Right-wing media have falsely suggested that the civil rights protections in Indiana's “religious freedom” bill force business owners to endorse messages that they share serious ideological disagreements with. But a recently-decided discrimination case in Colorado debunked this argument, differentiating between discrimination on the basis of ideology and discrimination on the basis of membership in a protected class.
On April 2, Indiana Gov. Mike Pence (R) signed an anti-discrimination amendment to his state's controversial Religious Freedom Restoration Act (RFRA) after facing widespread criticism due to the law's potential to authorize anti-LGBT discrimination. To address that danger, the amended law explicitly prohibits individuals and business owners from invoking RFRA to deny services on the basis of sexual orientation or gender identity.
Right-wing media were quick to criticize Pence, arguing that the amendment "gutted" the state's RFRA and claiming that the revision would “force” the devout to violate their religious beliefs by holding them accountable to generally applicable civil rights protections. A number of conservative media outlets like The Wall Street Journal took this argument further, falsely claiming that forcing religious business owners to abide by anti-discrimination laws would also “compel” them to serve customers with “politically unacceptable thoughts”:
For that matter, should a Native American printer be legally compelled to make posters with an Indian mascot that he finds offensive, or an environmentalist contractor to work a shift at a coal-fired power plant? Fining or otherwise coercing any small number of private citizens -- who aren't doing anyone real harm but entertain politically unacceptable thoughts -- is thuggish stuff.
But a recent “religious discrimination” case from Colorado illustrates how this hypothetical betrays a fundamental inability to understand that the RFRA debate was over discrimination against gay people, not gay "thoughts."
On April 4, the Colorado Department of Regulatory Agencies -- a state-run consumer protection commission -- ruled that the owner of a Denver bakery did not discriminate against a Christian customer when she refused to make him two cakes with anti-gay messages on it. According to The Washington Post, bakery owner Marjorie Silva refused to make a cake for a customer who “asked that the cake be decorated with the biblical verses 'God hates sin. Psalm 45:7' and 'Homosexuality is a detestable sin. Leviticus 18:2.'” That customer filed a complaint with the state, claiming that Silva discriminated against him based on his religion -- and lost.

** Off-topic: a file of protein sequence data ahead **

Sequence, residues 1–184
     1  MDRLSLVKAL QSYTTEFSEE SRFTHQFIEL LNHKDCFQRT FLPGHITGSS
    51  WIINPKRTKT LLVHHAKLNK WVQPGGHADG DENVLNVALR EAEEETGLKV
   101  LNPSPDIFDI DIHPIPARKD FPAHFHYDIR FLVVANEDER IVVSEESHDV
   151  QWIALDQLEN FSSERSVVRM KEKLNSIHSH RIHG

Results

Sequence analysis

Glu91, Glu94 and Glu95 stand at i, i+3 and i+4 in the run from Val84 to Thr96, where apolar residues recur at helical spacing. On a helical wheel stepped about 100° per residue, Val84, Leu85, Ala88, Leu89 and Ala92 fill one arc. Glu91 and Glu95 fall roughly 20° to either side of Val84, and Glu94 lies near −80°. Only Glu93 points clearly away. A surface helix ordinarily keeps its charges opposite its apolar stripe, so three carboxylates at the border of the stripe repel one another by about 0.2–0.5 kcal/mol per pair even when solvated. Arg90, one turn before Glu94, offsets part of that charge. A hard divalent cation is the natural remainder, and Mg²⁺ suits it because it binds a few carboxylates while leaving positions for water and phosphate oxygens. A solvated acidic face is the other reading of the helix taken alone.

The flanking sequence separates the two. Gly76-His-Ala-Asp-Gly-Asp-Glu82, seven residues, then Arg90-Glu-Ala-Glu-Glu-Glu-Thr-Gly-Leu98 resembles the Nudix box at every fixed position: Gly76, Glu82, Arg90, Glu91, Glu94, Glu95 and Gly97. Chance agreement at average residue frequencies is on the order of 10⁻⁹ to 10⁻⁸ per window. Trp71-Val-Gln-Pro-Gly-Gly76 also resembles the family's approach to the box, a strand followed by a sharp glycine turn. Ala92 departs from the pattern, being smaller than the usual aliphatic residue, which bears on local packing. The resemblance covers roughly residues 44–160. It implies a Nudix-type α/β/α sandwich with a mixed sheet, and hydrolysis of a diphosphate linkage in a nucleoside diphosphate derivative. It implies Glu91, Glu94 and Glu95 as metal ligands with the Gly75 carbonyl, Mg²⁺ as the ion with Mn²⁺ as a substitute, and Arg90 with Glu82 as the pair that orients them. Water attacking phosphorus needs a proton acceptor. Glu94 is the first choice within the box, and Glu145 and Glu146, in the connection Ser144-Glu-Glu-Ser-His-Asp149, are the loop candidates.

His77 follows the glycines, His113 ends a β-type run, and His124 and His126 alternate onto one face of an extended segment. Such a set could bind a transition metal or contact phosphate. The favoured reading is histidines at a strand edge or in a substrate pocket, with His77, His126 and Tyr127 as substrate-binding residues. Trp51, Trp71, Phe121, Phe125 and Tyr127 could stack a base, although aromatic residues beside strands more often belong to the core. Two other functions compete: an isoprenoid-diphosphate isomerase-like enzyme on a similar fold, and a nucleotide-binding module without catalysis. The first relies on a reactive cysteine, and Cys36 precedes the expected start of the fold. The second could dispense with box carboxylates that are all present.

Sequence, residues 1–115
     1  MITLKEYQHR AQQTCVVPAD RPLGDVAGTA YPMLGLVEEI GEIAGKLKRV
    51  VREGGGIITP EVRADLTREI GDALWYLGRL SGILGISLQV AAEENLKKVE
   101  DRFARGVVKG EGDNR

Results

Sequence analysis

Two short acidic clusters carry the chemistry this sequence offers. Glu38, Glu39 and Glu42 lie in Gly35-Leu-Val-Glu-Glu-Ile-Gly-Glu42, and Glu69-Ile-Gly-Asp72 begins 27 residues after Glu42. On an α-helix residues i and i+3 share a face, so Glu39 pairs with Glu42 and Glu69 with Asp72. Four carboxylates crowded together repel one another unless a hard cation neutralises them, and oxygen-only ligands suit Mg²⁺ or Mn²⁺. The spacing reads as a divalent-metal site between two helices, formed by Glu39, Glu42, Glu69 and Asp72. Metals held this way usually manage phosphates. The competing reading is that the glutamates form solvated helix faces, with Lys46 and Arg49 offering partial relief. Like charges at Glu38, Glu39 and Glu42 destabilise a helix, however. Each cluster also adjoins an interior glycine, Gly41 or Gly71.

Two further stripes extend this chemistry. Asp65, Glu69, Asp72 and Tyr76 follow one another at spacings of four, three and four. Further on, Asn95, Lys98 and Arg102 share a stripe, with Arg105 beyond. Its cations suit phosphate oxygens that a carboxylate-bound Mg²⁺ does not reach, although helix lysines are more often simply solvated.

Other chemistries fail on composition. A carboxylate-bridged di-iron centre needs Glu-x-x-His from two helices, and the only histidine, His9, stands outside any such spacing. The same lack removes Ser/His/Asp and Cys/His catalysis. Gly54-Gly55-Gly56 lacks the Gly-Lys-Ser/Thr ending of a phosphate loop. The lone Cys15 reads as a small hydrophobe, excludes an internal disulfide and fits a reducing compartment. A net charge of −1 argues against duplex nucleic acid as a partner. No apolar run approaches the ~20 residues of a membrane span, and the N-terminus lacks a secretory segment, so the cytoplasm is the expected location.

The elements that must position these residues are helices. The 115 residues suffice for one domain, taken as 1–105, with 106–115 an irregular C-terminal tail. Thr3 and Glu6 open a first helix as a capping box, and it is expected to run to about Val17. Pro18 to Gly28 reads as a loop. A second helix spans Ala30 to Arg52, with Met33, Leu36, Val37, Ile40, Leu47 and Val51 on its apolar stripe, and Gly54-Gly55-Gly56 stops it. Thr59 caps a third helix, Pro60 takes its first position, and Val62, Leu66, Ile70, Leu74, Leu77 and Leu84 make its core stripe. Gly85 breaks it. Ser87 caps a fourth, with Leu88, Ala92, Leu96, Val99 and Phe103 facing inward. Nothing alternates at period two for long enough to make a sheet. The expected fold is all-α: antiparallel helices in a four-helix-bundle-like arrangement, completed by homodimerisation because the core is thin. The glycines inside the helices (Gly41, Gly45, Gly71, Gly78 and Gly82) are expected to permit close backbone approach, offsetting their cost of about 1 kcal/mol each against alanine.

Why? According to right-wing media's fearmongering on the subject, this should have been a slam dunk for the homophobic customer -- the same sort of discrimination against LGBT persons the Indiana RFRA can no longer promote.
Eugene Volokh, a First Amendment scholar and founder of The Washington Post's libertarian Volokh Conspiracy blog, explained why the analogy is flat wrong. Contrary to right-wing media's false equivalence, refusing to serve a customer over a political disagreement isn't the same as discriminating on the basis of religion -- or membership in any other protected class, such as sexual orientation (emphasis added):
[W]hile [the customer] has succeeded in getting publicity for his cause, he doesn't have a legal leg to stand on. Colorado law bans discrimination by a wide range of businesses, but only when the discrimination is based on “disability, race, creed, color, sex, sexual orientation, marital status, national origin, or ancestry.” This means that a store may not specifically refuse to sell cakes to gays, or sell them to (say) Baptists. It may well mean that it may not specifically refuse to sell cakes for use in same-sex marriages, or in Baptist events. It may even mean that it may not specifically refuse to inscribe messages that identify buyers as gay (e.g., “John and Bill's marriage”), or as Baptist (e.g., “Baptist Church Picnic”).
But nothing in the law bans discrimination based on ideology more broadly. A store can refuse to sell to someone because he's a Nazi, or a Communist, or pro-life, or pro-choice, or pro-gay-rights, or anti-gay-rights. A store can likewise refuse to inscribe cakes with Nazi, Communist, pro-life, pro-choice, pro-gay-rights, or anti-gay-rights messages, if it's discriminating based on the ideology of the message, rather than the religiosity of the buyer.
National Review Online also tried equally inapt versions of this claim, wondering “if every business in Indiana must do business with everyone who walks through the door” due to the RFRA amendment, then “Are we prepared to handcuff a feminist photographer who won't take pictures at a strip club?” and “Do we respect a vegan woman's right to choose not to bake a cake for the Indiana Pork Farmers' Man of the Year dinner?” Other right-wing sites invented what they thought were their own slippery slope arguments, with the Daily Caller suggesting that a “Jewish baker might have to make” a cake for a Nazi with a swastika on it, and IJReview claiming that Indiana's RFRA protects “the black owners of a T-shirt business” from having to print KKK imagery.